|For Immediate Release
August 31, 2011
|Susan Kang Schroeder
Chief of Staff
PAROLE DENIED FOR MAN CONVICTED OF MURDERING FRIEND ON FREEWAY SHOULDER
DURING RUSH-HOUR TRAFFIC
SANTA ANA – The Board of Parole Hearings (Board), California Department of Corrections and Rehabilitations, denied parole yesterday for a man convicted of murdering of his friend on a freeway shoulder during Monday morning rush-hour traffic. Ramon Salmoran Cruz, 56, is currently being held at Chuckawalla Valley State Prison in Blythe, CA. Cruz was sentenced 15 years to life in state prison for a second degree murder conviction on June 29, 1990. This case was originally prosecuted by Deputy District Attorney Clyde Von Der Ahe.
Orange County Deputy District Attorney Nagy Morcos appeared to oppose Cruz’s parole. The Orange County District Attorney’s Office (OCDA) maintained that Cruz is a threat to public safety because he lacks remorse and self-improvement and cannot follow rules while incarcerated. Cruz will be eligible for his next parole hearing in 2014. Before denying the inmate’s parole, the Board took into consideration the facts of the case, Cruz’s lack of remorse, and his lack of self-help and self-improvement.
Facts of the Case
On the morning of Jan. 16, 1990, Felix Fonbona, 30, met Cruz in a Santa Ana neighborhood and argued over a $750 debt owed to another man. The men got into their own vehicles and headed northbound on Interstate 5 to work. The argument escalated on the freeway and they pulled over near the Crescent Avenue exit. Both men got out of their vehicles and Cruz shot Fonbona. Cruz continued to fire as the victim, shooting him a total of 13 shots, eight of which directly entered the victim’s body while the victim lay mortally wounded on the ground.
Lack of Remorse and Rehabilitation and Threat to Public Safety
The inmate had multiple opportunities to cease firing at the victim but instead continued to fire. His attitude toward the committed offense is one of denial, shallowness and rationalization of his behavior. The inmate has failed to relate any true insight about the murder. The manner in which the crime was committed endangered the lives of dozens of innocent bystanders. By firing 13 bullets on a busy freeway during morning rush-hour traffic, the inmate demonstrated a complete disregard for life and public safety. The OCDA’s parole opposition letter states that the inmate has yet to show remorse for his victim or the victim’s family and believes that “he may act in whatever manner he believes is best for himself without the concern of the impact of his behavior on others.”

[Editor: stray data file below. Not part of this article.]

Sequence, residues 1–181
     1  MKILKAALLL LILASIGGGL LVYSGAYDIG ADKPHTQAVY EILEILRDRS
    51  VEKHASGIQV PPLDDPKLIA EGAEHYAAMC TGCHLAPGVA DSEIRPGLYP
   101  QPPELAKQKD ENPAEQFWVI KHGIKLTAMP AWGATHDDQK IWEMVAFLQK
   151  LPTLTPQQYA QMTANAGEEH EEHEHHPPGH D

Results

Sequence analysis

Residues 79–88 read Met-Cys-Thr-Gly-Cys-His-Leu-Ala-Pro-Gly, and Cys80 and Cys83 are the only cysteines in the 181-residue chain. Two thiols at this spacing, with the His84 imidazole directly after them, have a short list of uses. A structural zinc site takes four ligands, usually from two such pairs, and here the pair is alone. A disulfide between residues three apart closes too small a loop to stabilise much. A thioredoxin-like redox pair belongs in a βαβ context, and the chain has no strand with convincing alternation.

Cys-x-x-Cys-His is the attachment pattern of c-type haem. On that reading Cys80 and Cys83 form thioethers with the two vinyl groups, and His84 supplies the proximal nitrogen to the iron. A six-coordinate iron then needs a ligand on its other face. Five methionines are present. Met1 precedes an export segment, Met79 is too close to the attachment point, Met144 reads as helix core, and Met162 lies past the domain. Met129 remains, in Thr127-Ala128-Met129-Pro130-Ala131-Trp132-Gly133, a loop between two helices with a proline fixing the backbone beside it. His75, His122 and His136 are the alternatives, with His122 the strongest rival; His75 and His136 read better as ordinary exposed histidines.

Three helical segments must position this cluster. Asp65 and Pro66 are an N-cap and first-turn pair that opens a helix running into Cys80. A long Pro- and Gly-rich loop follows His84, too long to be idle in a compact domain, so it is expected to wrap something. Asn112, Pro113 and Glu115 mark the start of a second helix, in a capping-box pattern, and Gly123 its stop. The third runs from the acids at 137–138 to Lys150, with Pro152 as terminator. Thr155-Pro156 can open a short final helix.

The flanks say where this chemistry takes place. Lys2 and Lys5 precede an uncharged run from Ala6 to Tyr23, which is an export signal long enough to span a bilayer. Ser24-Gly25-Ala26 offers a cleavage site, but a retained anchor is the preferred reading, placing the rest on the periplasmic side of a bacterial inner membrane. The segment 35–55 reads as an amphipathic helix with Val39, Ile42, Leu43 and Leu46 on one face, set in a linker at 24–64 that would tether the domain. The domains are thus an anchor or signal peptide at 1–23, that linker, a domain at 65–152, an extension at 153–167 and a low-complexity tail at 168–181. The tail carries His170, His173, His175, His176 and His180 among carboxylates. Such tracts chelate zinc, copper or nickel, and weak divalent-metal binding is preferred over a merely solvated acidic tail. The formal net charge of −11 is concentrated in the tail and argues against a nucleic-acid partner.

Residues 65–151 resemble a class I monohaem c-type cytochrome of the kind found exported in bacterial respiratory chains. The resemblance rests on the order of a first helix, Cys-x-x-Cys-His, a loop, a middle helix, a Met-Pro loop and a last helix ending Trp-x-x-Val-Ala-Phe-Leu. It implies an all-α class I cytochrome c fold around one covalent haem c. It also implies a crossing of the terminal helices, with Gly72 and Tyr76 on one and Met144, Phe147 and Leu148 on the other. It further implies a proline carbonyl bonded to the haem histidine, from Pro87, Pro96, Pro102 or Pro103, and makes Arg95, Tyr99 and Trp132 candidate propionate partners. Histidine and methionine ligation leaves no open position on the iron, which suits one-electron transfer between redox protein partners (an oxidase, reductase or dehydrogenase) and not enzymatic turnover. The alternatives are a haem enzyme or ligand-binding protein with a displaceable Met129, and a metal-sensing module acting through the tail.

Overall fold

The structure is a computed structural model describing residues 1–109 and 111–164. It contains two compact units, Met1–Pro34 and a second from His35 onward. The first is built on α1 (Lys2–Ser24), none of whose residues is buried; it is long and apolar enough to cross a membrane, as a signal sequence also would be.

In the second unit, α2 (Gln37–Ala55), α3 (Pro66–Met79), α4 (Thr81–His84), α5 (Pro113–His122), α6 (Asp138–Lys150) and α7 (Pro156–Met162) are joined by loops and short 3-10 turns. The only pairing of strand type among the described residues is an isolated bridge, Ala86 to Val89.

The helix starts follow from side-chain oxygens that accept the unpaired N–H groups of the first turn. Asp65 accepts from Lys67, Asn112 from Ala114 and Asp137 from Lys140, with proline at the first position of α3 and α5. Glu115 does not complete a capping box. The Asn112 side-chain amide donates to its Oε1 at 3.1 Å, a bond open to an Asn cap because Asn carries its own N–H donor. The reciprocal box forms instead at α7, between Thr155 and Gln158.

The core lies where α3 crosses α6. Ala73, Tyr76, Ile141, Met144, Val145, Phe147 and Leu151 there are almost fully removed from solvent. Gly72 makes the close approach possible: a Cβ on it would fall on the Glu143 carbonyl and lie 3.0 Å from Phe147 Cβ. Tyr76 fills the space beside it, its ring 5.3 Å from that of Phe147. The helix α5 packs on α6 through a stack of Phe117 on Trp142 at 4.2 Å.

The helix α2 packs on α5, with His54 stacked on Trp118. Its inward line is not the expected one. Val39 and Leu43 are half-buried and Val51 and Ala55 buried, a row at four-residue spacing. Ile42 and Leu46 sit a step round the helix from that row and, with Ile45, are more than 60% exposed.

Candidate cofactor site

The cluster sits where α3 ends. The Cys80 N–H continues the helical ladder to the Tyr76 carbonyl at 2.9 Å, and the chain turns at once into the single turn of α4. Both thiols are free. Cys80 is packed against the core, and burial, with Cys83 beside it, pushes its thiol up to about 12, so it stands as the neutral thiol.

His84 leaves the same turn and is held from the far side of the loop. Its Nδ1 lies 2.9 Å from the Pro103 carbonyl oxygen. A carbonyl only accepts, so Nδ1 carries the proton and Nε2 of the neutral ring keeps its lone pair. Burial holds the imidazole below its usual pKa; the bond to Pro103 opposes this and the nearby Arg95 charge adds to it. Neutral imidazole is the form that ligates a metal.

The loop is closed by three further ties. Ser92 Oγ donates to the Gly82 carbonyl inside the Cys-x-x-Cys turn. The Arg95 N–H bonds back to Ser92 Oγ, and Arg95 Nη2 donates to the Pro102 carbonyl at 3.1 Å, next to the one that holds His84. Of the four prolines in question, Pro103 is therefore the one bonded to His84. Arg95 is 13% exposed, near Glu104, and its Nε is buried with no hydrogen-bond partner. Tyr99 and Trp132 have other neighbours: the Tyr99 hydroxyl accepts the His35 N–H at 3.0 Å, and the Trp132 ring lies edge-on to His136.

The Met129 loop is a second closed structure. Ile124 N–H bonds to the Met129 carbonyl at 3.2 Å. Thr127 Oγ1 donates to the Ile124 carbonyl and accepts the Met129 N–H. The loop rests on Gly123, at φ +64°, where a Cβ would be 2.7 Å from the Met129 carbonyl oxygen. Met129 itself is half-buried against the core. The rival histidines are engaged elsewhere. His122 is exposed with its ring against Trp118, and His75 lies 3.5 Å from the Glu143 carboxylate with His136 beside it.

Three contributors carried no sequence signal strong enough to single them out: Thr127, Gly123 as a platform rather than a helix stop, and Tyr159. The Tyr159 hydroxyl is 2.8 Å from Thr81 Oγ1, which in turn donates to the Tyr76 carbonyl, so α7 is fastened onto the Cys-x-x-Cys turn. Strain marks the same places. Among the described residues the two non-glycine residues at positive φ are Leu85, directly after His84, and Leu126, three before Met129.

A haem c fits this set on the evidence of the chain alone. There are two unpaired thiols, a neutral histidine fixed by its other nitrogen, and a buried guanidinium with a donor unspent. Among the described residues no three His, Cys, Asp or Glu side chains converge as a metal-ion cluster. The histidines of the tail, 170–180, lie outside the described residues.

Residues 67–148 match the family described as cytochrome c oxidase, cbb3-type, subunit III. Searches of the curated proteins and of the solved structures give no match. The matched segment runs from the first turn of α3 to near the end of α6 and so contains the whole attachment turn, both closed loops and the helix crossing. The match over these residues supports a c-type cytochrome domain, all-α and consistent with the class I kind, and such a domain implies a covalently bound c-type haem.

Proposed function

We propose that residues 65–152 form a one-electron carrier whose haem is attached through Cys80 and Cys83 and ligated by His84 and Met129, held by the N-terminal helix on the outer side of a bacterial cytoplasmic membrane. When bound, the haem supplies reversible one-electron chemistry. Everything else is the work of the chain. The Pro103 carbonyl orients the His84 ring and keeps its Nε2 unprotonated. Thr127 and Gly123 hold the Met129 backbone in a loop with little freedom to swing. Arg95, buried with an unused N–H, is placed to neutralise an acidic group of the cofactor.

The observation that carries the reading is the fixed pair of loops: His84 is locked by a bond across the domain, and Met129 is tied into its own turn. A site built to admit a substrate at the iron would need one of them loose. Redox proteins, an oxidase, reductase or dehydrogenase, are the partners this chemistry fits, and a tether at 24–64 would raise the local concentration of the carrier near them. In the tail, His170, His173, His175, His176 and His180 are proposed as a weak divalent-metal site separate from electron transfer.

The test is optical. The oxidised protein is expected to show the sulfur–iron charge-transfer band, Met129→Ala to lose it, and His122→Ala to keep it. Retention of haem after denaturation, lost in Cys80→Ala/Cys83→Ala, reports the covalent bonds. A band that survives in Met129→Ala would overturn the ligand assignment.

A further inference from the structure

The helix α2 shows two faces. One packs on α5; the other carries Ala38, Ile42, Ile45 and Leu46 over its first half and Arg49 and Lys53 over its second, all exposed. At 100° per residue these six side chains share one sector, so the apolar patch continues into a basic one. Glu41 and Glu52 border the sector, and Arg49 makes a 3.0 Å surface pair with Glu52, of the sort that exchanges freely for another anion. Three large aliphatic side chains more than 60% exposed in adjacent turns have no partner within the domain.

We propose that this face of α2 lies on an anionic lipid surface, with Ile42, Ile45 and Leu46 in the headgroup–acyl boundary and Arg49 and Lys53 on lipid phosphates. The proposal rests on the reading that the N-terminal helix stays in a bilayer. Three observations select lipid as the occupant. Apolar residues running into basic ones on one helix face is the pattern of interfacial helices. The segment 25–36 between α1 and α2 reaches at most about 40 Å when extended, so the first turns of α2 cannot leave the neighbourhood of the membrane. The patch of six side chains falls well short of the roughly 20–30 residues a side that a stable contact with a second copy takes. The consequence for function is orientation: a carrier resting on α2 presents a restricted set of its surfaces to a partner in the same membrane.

The OCDA also states that the inmate demonstrates a “grandiose sense of self-importance, entitlement and determination to do whatever he pleased, regardless of the consequences to others.” The inmate has failed to adequately prepare for parole, as he was told to remain crime free and obtain a GED and learn English. The inmate decided not to follow any of the recommendations and instead committed a new prison rules violation for failing to follow a direct order. Based on the horrific circumstances of his crime, his false sense of entitlement, his inability to follow rules while incarcerated, and his lack of remorse and self-improvement during incarceration, the OCDA believes the inmate would pose an unreasonable risk of danger to society and a threat to public safety if released from prison.